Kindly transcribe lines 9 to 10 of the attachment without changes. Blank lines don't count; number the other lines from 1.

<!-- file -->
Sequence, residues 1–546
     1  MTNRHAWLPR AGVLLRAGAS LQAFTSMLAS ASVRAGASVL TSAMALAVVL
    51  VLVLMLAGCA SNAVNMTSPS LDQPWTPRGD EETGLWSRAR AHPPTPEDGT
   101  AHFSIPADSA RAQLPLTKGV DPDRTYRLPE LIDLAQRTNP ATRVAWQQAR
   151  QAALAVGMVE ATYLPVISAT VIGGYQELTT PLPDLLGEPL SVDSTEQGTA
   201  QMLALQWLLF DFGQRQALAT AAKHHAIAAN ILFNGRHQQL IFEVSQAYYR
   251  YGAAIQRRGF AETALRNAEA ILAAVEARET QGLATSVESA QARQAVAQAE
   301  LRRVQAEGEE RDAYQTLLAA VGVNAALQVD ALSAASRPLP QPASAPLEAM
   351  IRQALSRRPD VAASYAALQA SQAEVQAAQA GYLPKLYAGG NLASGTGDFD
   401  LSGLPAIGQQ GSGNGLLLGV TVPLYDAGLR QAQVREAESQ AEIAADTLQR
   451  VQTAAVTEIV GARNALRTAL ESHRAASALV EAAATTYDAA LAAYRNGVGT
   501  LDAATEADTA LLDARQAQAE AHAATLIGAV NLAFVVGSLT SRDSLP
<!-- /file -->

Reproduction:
   351  IRQALSRRPD VAASYAALQA SQAEVQAAQA GYLPKLYAGG NLASGTGDFD
   401  LSGLPAIGQQ GSGNGLLLGV TVPLYDAGLR QAQVREAESQ AEIAADTLQR